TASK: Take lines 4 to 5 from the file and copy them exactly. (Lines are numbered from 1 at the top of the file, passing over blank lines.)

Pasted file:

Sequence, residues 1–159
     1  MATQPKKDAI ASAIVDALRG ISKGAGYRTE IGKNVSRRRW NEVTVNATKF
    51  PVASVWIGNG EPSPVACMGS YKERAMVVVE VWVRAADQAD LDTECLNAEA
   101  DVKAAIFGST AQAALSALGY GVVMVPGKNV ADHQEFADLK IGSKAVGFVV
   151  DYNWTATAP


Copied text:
   101  DVKAAIFGST AQAALSALGY GVVMVPGKNV ADHQEFADLK IGSKAVGFVV
   151  DYNWTATAP